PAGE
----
Data from: Grazing away the resilience of patterned ecosystems
Siero, Eric et al. (2019), Data from: Grazing away the resilience of patterned ecosystems, Dryad, Dataset, https://doi.org/10.5061/dryad.pb62bk0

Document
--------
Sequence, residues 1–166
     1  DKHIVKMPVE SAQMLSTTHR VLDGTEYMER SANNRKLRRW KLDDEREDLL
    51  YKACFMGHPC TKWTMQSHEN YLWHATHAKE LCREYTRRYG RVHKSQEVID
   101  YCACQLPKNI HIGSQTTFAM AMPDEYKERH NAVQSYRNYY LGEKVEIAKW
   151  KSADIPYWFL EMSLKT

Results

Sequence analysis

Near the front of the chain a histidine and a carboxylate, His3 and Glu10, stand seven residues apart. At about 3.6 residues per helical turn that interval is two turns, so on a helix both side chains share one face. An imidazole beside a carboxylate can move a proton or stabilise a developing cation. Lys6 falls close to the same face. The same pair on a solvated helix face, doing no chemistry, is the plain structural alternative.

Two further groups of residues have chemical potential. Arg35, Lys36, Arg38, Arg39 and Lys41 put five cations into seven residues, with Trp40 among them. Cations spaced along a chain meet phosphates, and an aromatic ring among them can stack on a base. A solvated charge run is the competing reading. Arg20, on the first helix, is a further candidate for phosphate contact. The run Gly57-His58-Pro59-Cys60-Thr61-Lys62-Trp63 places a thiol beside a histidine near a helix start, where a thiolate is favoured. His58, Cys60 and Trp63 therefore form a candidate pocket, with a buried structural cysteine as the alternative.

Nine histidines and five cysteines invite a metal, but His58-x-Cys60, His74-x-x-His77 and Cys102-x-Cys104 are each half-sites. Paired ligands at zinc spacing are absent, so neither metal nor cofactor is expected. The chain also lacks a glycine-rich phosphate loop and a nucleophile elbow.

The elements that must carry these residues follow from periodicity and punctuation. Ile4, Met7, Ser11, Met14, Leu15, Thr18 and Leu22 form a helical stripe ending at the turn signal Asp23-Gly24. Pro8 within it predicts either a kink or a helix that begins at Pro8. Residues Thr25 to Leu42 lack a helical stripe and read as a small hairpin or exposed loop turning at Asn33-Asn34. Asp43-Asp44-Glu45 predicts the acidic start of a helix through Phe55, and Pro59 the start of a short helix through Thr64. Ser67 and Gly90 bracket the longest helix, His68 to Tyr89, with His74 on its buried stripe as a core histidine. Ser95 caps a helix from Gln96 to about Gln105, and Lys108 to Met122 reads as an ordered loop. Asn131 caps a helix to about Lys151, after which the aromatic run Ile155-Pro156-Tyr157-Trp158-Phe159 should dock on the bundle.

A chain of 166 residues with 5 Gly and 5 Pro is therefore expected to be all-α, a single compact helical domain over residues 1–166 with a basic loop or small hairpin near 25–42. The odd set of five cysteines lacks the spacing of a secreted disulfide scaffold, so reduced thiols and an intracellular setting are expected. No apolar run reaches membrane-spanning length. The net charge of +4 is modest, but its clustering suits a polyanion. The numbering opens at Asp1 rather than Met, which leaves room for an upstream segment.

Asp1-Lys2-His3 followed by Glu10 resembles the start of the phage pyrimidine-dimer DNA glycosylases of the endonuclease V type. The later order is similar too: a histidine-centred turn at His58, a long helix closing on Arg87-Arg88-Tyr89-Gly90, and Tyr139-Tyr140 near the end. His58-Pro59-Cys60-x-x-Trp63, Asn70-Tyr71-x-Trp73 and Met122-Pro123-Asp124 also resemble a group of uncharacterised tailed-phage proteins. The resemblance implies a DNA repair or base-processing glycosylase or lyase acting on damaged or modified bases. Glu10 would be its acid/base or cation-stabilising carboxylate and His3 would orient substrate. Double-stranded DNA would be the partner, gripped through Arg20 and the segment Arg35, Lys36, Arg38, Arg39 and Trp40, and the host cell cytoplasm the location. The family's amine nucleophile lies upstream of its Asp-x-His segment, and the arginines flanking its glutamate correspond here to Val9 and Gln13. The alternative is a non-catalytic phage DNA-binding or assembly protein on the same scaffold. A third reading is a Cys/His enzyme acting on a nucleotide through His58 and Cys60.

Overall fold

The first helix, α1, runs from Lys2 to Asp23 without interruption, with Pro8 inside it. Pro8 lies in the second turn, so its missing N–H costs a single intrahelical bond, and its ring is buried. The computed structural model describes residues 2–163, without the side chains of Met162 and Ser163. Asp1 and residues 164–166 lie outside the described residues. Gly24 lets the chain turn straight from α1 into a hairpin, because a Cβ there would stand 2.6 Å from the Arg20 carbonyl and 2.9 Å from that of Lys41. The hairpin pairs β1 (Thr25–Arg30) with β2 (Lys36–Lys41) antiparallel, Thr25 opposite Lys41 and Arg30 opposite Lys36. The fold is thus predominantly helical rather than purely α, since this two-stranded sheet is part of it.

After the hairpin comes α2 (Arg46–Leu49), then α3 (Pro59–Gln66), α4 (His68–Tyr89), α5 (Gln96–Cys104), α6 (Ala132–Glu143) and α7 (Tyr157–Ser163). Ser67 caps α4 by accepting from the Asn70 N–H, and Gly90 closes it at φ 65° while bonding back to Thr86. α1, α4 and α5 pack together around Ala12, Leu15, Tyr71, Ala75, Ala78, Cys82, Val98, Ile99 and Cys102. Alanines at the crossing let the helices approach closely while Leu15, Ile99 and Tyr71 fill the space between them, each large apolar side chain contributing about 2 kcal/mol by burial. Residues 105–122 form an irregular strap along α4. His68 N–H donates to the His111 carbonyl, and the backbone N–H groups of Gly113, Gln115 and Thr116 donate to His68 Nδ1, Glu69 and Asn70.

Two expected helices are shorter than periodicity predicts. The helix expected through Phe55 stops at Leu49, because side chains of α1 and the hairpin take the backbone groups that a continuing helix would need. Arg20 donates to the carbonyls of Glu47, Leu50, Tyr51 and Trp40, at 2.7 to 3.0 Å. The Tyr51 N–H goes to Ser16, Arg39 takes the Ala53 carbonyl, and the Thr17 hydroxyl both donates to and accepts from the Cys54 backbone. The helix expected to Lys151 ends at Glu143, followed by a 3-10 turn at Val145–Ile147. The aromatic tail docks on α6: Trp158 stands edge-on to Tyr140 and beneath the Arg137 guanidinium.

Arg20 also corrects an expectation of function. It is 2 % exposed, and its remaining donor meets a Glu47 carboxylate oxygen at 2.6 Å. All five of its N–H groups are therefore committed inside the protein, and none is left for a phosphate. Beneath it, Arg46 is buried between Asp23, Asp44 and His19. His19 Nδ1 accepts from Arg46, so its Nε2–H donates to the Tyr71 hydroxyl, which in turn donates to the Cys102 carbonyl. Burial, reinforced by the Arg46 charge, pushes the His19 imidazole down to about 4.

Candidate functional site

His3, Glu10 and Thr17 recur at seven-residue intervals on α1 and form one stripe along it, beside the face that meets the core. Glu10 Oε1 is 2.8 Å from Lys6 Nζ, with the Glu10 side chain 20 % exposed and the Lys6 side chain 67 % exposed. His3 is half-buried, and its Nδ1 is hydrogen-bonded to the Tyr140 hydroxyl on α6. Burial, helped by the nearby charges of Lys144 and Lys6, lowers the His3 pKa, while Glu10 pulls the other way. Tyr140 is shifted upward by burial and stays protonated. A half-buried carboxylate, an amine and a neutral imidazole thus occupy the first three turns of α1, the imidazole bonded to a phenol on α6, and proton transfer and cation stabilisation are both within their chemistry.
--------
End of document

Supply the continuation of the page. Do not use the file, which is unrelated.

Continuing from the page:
Ecosystems’ responses to changing environmental conditions can be modulated by spatial self-organization. A prominent example of this can be found in drylands, where formation of vegetation patterns attenuates the magnitude of degradation events in response to decreasing rainfall. In model studies, the pattern wavelength responds to changing conditions, which is reflected by a rather gradual decline in biomass in response to decreasing rainfall. Although these models are spatially explicit, they have adopted a mean-field approach to grazing. By taking into account spatial variability when modelling grazing, we find that (over)grazing can lead to a dramatic shift in biomass, so that degradation occurs at rainfall rates that would otherwise still maintain a relatively productive ecosystem. Moreover, grazing increases the resilience of degraded ecosystem states. Consequently, restoration of degraded ecosystems could benefit from the introduction of temporary small-scale exclosures, to escape from the basin of attraction of degraded states.